Editing the Audio
Good audio can make a huge difference to the quality of your video. As we dealt with in the previous blog post – ‘Three easy steps to professional looking video on a limited budget“(link), capturing good audio to begin with is the best bet. However even with good audio on disk it can still need a little work in the edit.
Don’t turn everything up to 11. Good audio allows room for whats important to stand out. If the speech sounds too quiet next to the music then try turning the music down before you look for ways to turn the speech up. Have a reference video open in YouTube. Does it sound louder than yours? Try and match the over all volume of your mix to match other peoples videos.
Having a music track will help to smooth out any cuts and gaps between recorded speech. You can use a method known as “Ducking” to make the most of this. Most editors will allow you to adjust the audio level of a track using key frames. This means that you can change the volume of a track at different points in time during your video. So when someone is speaking, “duck” the music by turning it down so that the speech is clear, then fade it back up again when the speech stops. The audio can of course be edited in your chosen video editing software, however here are a few standalone options that are more geared towards audio editing.
The Easy Option
NCH Software again provide a fairly easy to use but not too limited option here with their WavePad audio editing app. It’s available for Windows, OSX, Android and iOS. There’s a free version for you to get familiar with before you commit to buying the Pro version, which you will need to do if you intend to use it in a commercial context.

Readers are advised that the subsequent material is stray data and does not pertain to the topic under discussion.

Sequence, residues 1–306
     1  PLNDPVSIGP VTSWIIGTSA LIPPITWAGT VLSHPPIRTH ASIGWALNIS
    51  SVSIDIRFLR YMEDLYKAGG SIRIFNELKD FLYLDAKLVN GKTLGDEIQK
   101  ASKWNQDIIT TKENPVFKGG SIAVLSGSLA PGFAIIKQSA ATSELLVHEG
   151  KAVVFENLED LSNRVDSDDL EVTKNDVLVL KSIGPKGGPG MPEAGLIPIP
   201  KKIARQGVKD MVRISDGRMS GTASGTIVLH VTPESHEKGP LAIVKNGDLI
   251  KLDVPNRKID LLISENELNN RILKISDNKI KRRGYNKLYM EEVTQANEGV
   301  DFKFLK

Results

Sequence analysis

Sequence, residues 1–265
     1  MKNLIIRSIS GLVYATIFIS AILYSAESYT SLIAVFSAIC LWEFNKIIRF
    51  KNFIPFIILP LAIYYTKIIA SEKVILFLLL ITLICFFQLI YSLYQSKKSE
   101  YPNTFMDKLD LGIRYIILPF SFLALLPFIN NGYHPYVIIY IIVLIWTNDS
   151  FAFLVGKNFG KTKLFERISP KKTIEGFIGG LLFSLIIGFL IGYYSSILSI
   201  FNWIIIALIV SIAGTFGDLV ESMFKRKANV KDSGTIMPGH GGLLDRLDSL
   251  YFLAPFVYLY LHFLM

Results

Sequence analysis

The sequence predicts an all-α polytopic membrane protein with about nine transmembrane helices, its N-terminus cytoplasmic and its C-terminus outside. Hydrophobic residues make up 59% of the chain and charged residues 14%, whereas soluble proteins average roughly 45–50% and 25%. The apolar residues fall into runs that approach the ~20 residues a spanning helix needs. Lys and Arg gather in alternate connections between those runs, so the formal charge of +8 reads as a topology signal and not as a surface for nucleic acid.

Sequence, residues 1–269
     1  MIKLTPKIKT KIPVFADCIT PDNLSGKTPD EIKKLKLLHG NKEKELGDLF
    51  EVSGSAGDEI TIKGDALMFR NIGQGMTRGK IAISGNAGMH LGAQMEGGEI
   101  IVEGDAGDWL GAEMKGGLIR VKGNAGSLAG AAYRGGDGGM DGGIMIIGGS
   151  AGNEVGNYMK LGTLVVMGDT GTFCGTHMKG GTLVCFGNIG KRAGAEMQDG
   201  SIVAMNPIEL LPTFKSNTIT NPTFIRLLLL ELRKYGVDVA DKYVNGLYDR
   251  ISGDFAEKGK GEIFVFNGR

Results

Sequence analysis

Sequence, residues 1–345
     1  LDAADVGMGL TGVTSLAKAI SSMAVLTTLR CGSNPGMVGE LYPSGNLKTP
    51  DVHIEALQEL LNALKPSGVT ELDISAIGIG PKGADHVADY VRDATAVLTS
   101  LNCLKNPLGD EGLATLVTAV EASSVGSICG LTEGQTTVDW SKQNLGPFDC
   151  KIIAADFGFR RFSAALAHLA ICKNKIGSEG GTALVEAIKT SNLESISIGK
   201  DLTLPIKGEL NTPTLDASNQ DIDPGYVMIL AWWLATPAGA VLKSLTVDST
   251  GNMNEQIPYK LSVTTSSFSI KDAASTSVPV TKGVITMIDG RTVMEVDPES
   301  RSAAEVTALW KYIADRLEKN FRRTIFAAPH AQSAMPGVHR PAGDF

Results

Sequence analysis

The Adventurous Option
Wavosaur is an open source sound editor, which means it’s free to use and requires no Pro version license to use commercially. Although it’s free, it’s maintained and written by experts and is a very powerful audio tool. This means it may be a little too in-depth for some users.
Filling in the blanks
Sometimes you won’t be able to capture all the footage you need using your own camera, but it’s important to keep your video visually interesting. There are many stock footage sites out there that give you access to royalty free video footage you can use in your video. Sites like Pexels have a lot of free content, while others charge. You can also find free music to fit your project on sites like The Free Music Archive, dig.ccmixter, Soundcloud and even YouTube. Just be sure to check the licensing conditions for your chosen music, as commercial projects often have stricter licensing requirements. The quality of content is often reflected in the cost, but even among the free content you can often find that one diamond in the rough that fits your project perfectly.
Over all, the most important thing when it comes to editing, is the quality and presentation of the content. Although a professional (and often expensive) editing programme can often make your life easier with more features and flexibility, it won’t necessarily make you a better editor – nor will it make your videos any better than something edited on free software. After all, they are just a tool to help present your content in the best possible light. So get out there and get editing!